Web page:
*photo courtesy Wikimedia Commons (not used in the book)
Reaching lengths of over 18 feet and weights of over 1200 pounds, this species is the largest of the hammerheads. Because of its size and habit of moving into shallow water to feed on large prey, this is the species that's earned a bad reputation for hammerheads in general. While the other species don't deserve such a reputation, the great hammerhead is guilty as charged. This is a big, aggressive species that southern anglers are accustom to having attack and steal huge tarpon and other gamefish right off their hook.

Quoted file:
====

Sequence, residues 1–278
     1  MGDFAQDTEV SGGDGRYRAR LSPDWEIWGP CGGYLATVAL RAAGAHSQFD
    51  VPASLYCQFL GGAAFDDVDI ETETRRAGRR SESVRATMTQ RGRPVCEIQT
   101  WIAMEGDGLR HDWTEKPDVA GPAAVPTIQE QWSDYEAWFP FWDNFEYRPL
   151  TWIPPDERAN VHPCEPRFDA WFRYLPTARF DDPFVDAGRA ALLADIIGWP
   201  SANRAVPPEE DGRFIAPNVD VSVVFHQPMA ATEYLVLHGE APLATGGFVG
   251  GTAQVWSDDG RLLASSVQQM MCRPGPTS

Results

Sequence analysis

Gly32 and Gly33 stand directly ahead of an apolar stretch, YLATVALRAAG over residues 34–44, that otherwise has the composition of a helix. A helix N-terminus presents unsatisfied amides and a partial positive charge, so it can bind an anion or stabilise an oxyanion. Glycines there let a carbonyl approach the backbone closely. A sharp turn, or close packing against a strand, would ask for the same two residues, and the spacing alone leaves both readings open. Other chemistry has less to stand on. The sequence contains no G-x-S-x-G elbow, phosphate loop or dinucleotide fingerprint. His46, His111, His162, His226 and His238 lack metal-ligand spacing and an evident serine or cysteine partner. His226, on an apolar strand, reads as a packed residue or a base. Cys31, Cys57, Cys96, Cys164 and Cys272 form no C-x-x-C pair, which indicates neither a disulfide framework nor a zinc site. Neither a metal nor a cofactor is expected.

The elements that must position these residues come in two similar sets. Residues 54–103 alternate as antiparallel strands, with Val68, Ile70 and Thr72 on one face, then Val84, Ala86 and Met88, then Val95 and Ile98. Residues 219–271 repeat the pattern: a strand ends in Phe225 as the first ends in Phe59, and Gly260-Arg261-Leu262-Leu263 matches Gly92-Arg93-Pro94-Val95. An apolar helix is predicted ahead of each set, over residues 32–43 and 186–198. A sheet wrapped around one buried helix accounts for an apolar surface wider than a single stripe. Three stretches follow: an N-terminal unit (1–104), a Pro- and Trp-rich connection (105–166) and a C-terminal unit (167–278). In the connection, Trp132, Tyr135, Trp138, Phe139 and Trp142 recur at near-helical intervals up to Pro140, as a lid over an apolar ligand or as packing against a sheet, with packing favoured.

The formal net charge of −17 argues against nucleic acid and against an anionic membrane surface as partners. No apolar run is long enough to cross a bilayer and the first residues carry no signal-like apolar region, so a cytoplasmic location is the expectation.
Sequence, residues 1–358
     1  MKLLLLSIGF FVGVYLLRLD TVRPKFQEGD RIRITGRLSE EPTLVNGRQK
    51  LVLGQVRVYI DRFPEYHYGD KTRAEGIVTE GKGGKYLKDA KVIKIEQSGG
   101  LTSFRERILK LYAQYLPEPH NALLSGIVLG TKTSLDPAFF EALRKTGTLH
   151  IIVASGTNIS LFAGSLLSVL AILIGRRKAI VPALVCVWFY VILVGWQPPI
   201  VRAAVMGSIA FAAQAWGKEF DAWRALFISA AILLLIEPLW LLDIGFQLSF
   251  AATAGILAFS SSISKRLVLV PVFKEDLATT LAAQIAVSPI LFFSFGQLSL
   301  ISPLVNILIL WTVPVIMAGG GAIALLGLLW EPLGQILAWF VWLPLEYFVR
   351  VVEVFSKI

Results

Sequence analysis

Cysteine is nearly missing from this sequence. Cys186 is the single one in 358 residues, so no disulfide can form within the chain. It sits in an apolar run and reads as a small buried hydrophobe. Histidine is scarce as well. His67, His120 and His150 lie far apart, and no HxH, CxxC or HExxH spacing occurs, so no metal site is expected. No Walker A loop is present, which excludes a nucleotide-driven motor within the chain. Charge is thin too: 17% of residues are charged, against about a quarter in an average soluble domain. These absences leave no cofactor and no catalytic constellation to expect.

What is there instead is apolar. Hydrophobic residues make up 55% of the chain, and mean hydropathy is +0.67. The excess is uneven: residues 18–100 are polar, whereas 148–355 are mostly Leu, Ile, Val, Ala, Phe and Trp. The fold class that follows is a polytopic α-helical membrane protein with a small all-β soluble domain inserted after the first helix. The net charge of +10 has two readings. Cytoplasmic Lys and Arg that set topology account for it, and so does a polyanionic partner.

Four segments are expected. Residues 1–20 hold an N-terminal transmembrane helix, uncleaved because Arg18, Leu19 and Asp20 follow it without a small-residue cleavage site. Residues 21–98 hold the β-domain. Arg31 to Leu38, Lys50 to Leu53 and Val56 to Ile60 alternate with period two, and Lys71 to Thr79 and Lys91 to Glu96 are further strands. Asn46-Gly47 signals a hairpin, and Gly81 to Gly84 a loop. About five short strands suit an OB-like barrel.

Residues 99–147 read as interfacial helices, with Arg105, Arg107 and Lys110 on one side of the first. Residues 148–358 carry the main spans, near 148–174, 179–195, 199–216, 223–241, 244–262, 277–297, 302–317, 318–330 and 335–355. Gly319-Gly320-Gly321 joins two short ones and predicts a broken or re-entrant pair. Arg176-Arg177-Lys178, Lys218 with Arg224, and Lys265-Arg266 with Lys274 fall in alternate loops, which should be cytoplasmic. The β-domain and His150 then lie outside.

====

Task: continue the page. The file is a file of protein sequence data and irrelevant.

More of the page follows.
Because great hammerheads are most likely to move into shallow water that's adjacent to very deep water, they are more likely to do so in the south - and they seem to have a taste for tarpon. Find concentrations of big tarpon in or near deep channels and you've probably found a good place for great hammerheads. From the Mid-Atlantic north this species is not a common catch because they tend to stay far offshore and out of range of most recreational shark fishermen.
Identification of this species is relatively simple as they are the only species of hammerhead that has such a tall and curved dorsal fin. The head of this shark is also unique in that it is rather straight, not curved back slightly like the other species.